• 89. P a g e | 89Figure 3 showsthe effect on grosswrittenpremiumsduring therecenteconomicdownturnfor the largestEuropean life insurerson anaggregated basis.Indeed, premium growthwasnegativethroughout 2011asthemacro-economicenvironment hasput pressure on thesaleof lifeinsurancepoliciesin countrieswhere household wealth and income hasbeen reduced.Fiscaladjustment toreduce publicsector deficitsin many countrieswouldalsolimit thepotential growthof insurance volumes.This could happen both directly, through increasedtaxation onpremiumsor reduced tax incentivesfor long-term life and savingsproducts,or indirectlyfollowinggeneral tax increasesand reduceddisposableincome.Moreover,high levelsof unemployment combinedwith lowlevelsof interest ratesmay alsolead to earlysurrendersin the life sector, inparticular for productswithout guaranteed returns ascustomersavoidsurrenderingpolicieswith(high) guaranteed returns.Thiswouldnaturallyleadtoanadverseselectionfrom thepoint of viewoftheinsurer.International Association of Risk and Compliance Professionals (IARCP)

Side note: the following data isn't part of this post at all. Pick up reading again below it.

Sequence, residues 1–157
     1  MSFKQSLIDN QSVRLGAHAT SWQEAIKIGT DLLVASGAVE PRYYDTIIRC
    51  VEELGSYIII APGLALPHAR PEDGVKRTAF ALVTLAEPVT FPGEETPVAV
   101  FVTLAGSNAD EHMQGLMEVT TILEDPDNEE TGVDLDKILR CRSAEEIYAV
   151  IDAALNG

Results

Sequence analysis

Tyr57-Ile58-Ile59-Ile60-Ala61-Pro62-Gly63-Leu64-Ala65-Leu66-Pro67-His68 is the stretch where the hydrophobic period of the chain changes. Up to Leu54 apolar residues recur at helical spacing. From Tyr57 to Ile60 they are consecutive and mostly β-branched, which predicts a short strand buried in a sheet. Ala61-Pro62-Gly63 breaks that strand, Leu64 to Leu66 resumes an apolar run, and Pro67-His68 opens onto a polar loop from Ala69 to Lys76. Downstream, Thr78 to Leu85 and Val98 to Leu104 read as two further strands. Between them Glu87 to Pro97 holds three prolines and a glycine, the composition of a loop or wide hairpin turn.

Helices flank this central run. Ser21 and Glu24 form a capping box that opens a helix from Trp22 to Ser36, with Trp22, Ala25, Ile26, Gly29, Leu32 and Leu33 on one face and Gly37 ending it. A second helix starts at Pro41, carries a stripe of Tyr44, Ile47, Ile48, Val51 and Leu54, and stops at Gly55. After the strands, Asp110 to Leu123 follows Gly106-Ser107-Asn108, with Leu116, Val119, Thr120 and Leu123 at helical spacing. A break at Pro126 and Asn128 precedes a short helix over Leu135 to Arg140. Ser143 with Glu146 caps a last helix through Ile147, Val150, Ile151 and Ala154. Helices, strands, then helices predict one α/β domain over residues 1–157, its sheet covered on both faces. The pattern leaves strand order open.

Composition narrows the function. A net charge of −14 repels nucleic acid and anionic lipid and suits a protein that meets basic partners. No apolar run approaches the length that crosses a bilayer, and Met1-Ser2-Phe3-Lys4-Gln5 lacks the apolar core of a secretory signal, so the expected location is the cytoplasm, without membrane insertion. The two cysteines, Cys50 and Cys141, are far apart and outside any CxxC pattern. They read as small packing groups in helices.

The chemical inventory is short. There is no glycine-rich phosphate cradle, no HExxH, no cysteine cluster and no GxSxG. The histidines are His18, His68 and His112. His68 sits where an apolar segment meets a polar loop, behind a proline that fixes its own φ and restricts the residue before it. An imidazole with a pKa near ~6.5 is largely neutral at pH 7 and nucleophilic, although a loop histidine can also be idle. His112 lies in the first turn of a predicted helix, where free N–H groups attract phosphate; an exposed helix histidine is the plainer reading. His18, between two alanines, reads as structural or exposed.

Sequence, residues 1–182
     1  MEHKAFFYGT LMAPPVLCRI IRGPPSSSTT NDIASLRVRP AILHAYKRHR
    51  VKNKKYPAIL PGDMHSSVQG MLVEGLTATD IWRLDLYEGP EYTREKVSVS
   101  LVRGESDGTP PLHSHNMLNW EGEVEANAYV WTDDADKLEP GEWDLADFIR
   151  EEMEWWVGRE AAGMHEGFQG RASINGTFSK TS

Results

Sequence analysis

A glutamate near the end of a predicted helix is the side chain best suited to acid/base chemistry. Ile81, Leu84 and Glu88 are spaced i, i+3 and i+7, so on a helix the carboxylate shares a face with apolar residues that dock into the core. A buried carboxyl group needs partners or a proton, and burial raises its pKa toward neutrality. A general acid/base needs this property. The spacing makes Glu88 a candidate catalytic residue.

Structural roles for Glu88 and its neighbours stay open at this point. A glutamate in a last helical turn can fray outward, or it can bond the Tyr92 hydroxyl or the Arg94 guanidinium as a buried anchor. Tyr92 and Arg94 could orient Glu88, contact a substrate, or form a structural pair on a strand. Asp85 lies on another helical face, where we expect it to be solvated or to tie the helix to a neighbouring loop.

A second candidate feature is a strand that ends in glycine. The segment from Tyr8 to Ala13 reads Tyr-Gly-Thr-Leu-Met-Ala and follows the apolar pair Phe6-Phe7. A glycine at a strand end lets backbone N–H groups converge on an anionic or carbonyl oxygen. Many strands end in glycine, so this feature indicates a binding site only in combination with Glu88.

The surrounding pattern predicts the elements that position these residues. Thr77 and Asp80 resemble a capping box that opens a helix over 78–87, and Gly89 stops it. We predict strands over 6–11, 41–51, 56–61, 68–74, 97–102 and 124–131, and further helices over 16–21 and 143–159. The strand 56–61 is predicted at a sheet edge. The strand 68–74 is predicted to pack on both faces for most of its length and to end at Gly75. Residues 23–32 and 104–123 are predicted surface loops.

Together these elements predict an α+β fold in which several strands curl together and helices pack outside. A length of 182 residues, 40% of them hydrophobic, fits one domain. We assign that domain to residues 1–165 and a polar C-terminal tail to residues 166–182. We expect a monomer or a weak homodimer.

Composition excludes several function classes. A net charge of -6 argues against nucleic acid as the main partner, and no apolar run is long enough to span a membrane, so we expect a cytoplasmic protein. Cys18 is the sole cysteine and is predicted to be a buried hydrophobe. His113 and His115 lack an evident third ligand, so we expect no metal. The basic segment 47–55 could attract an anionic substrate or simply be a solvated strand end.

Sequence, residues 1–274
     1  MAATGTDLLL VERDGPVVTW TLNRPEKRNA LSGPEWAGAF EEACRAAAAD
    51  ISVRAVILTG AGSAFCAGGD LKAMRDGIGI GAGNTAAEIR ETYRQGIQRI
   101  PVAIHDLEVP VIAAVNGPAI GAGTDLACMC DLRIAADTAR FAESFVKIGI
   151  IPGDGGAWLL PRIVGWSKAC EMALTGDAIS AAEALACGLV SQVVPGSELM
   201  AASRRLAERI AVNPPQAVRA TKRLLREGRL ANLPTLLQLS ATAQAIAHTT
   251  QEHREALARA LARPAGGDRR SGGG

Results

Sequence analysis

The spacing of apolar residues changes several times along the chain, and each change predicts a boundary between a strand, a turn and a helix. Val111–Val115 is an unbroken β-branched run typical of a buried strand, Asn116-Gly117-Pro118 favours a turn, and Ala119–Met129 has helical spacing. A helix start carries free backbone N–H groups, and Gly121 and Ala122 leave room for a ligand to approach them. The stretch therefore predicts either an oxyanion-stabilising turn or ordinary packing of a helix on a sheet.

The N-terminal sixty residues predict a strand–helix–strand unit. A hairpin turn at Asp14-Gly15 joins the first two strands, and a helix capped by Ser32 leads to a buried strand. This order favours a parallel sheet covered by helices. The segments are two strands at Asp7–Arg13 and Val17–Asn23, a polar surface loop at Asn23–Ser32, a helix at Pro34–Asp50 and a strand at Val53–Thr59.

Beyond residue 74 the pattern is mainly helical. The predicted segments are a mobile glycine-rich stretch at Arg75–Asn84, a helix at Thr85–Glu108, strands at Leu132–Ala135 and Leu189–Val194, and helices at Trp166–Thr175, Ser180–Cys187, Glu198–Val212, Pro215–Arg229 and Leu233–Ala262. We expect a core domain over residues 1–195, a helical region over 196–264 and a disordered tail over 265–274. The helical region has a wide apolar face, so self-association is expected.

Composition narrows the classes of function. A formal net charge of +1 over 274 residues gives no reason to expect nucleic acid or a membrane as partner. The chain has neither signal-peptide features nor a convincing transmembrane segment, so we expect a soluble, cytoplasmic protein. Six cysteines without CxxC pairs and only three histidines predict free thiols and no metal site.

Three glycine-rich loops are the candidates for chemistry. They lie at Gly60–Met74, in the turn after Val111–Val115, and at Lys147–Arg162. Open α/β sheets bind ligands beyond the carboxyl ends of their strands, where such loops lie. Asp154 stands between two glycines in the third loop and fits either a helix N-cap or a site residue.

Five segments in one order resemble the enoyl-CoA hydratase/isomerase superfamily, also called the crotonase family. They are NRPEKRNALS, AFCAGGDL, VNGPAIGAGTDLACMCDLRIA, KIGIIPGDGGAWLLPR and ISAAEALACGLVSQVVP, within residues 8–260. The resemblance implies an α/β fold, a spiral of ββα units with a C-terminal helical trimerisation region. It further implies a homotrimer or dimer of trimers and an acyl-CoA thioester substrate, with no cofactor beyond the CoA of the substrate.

• 90. P a g e | 90In addition, thedeleveragingobjectivesestablishedfor thebankingsectorhave ledtoincreasedcompetitionfrom bankstrying toincreasetheir deposit fundingbase, which in turn isreflectedin decreasinglifeinsurancebusiness.In some countries, household investment in government bondsis alsoaform of saving whichcompetesdirectlywith certain life insuranceproducts.Finally, the current lowlevel of risk free interest ratesfollowingthe weakmacroeconomicclimateisa particular concern in the life insurancesector, both in termsof lowerprofit from investment income, but alsointermsof increased value of liabilities.In the non-life insurancesector, Figure 4 showsthat year-on-year growthhasremained positive, but the differencebetweenthebest and the worstperformers(indicated by theshaded areacovering the10th and 90thpercentile) is increasing, indicatinga diverging development in Europe.It is likely that increasingunemployment and reduced net householdincome will decreasethedemand for non-life productssuchasmotorpolicies(with exception of compulsory third-partyliability) and workerscompensation insurance.Fraudulent claimsin thenon-life sector may alsorisein a recessionaryenvironment, although the impact on insurersis generallyseen assmallcomparedtothepeak in claimsfollowingnatural catastrophes.SolvencyI ratiosaregenerallyadequate, even if some insurersareexperiencingpressure on their solvencycoverage.However,SolvencyI ratios generallydonot reflectthecapitalpositionsofinsurerson a market value basis.Market valuation wouldmost likelyresult in higher valuationof liabilitiesandpossiblylowervaluation of (partsof) the asset portfolio.International Association of Risk and Compliance Professionals (IARCP)